Despite daily work with the world’s most fatal pathogens, USAMRIID says there have been no lab-acquired infections for researchers working in BSL4 labs. Around 20 so-called “close calls” – needle sticks, a bite or scratch from an animal used in a study, gloves that fail – have been reported.
From bio ‘offense’ to bio ‘defense’
USAMRIID was launched in 1969. when then President Richard Nixon announced the United States would no longer develop deadly biological weapons, something the U.S. government had engaged in since at least World War II.
Driven by perceived threats from Germany and Japan, the United States began an offensive biological program in 1943. For decades, U.S. scientists working at the specialized facility at Fort Detrick weaponized several deadly agents, including anthrax.
But since 1969, the mission at USAMRIID has been to protect United States military personnel and develop vaccines and treatment for the world’s deadliest bugs. Among them: anthrax, tularemia, Q fever, Marburg, Lassa, botulinum toxin and, of course, Ebola, which, according to the latest WHO figures, has killed over 8,800 people and infected another 22,000 so far. Their work is performed on annual budget of about $140 million.
USAMRIID’s approach to Ebola is three-pronged: therapeutic medicine, faster diagnostic tools and, the best answer to controlling Ebola outbreaks, a vaccine. Not long after the World Health Organization and the U.S. Centers for Disease Control and Prevention reported “that this virus was starting to spin out of control … we really stepped up our research here," Dye said.
That means roughly one-third of USAMRIID’s 300 staff scientists are now entirely devoted to Ebola research. That Ebola has engulfed three West African nations weighs heavily on the scientists here.
“We are under tremendous pressure,” said Travis Warren, principal investigator at USAMRIID. “My activities have focused almost exclusively on developing and evaluating anti-Ebola virus therapeutics since approximately June.”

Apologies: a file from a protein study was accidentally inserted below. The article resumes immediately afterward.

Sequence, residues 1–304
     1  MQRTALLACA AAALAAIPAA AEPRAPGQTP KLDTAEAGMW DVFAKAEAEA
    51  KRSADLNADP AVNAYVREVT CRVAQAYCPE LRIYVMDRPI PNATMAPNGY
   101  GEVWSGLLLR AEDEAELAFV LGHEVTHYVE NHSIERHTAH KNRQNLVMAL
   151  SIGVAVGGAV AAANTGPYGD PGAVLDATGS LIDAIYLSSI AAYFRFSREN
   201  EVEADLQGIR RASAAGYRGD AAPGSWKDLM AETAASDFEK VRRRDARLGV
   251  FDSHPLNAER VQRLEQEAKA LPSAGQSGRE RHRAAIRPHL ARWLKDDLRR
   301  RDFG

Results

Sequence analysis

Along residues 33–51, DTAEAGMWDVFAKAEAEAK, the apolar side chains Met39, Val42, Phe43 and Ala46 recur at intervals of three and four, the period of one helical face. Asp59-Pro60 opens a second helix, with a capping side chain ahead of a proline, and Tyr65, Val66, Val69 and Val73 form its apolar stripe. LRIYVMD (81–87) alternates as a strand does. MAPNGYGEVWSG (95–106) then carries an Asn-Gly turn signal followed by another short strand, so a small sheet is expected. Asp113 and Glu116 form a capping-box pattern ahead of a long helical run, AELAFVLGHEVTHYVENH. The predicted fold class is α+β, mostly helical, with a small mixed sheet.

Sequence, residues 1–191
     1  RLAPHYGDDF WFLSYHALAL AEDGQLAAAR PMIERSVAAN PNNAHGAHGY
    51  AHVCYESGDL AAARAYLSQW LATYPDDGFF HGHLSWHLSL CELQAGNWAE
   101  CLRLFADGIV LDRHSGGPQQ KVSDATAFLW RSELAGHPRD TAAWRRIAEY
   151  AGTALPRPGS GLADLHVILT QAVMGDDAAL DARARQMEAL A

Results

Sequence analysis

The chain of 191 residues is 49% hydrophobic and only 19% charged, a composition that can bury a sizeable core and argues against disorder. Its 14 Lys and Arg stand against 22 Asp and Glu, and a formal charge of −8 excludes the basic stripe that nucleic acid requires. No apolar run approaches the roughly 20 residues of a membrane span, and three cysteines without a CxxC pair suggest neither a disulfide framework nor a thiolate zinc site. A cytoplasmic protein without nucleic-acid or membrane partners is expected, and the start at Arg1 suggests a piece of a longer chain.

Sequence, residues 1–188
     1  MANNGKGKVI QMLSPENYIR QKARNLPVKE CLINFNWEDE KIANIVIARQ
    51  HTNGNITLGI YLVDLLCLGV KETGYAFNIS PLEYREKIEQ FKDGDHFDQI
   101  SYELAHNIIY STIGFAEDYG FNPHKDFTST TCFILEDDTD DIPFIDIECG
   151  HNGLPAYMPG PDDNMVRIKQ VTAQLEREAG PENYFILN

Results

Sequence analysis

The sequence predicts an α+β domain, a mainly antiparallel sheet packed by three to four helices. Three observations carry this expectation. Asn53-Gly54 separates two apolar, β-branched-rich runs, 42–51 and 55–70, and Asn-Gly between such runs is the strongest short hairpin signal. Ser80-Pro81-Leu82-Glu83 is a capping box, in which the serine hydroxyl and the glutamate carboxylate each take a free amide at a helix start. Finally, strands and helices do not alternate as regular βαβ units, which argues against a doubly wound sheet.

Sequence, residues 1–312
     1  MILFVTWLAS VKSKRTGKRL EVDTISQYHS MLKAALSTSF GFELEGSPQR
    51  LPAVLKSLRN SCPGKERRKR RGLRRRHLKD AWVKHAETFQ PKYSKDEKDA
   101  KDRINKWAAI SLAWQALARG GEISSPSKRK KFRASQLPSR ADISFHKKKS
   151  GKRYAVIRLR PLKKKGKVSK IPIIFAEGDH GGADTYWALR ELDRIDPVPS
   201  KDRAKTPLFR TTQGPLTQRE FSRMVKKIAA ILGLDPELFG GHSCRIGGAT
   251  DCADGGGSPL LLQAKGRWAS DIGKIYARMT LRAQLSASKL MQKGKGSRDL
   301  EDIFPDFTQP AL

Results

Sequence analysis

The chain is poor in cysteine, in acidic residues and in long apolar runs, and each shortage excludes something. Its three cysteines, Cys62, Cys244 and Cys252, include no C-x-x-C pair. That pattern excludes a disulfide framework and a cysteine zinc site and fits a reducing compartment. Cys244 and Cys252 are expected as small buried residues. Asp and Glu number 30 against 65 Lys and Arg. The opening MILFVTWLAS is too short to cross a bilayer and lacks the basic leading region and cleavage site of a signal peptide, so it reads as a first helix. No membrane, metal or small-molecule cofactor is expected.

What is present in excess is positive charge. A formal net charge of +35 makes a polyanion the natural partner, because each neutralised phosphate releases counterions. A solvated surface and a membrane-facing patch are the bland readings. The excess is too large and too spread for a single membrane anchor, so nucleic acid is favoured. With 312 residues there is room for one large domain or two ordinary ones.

The search for safe and effective drug therapies to treat the infected requires intimate knowledge of how the Ebola virus works.
And scientists must also come up with ways to outsmart the virus: block its ability to infect human cells after exposure, or curtail its rapid replication once inside a cell.
Despite how vicious this particular pathogen is in humans, the Ebola virus is only a single strand of genetic material, containing instructions for just seven proteins.
The virus encodes those instructions on RNA, a chemical cousin of DNA that makes up our genes. Once inside a cell, the virus copies its genes into proteins that, in turn, rapidly assemble copies of the virus.
One cutting-edge approach in the hunt for Ebola drugs is focusing on the virus' RNA, Warren said.
“With an RNA virus, we can…target the viral RNA for destruction in a very specific fashion,” he said. “Once that viral RNA is destroyed, the virus cannot reproduce its own genetic material…then the infection is effectively suppressed.”
USAMRIID and Canadian pharmaceutical company Tekmira helped develop one promising RNA drug called TKM-Ebola. The drug contains a small piece of the virus’s RNA, wrapped up in a package that alerts the cell’s defenses, Warren said.
“There are enzymes that literally chop up the viral RNA and destroy it. Once the viral RNA is destroyed...the virus ceases to function,” he said.
Another trial drug, ZMapp, is based on the proteins our immune systems use to fight infections, known as antibodies.
“We’ve taken a cocktail of three of these antibodies…that are known to fight the virus, and put them all together,” Dye said. “And then we inject that, and that helps to control the virus.”
But a key ingredient of the cocktail comes from tobacco plants and can’t be manufactured quickly. And the last supplies were delivered to Liberia in August.
A third drug, Favipiravir, takes a different path.
Originally designed by Japanese researchers for influenza, the drug is a nucleoside analogue — a molecule that looks like a building block of genetic material. It works by jamming up the machinery the virus uses to copy its genes.
It has shown promise fighting Ebola in animal studies. It is also being tested in Guinea, where the humanitarian group Doctors Without Borders is conducting a clinical trial on humans.
Of the many complicating factors driving the current epidemic, one of the biggest is figuring out quickly who is sick with Ebola and who isn’t. Currently, people suspected of infection must be monitored for 21 days, the maximum period of incubation.
“Diagnostics are the way we're going to get this Ebola outbreak under control," said USAMRIID virologist Randy Schoepp.
Ebola experts say that accurately determining who is infected plays a key role in contract tracing – another crucial step in stemming an outbreak.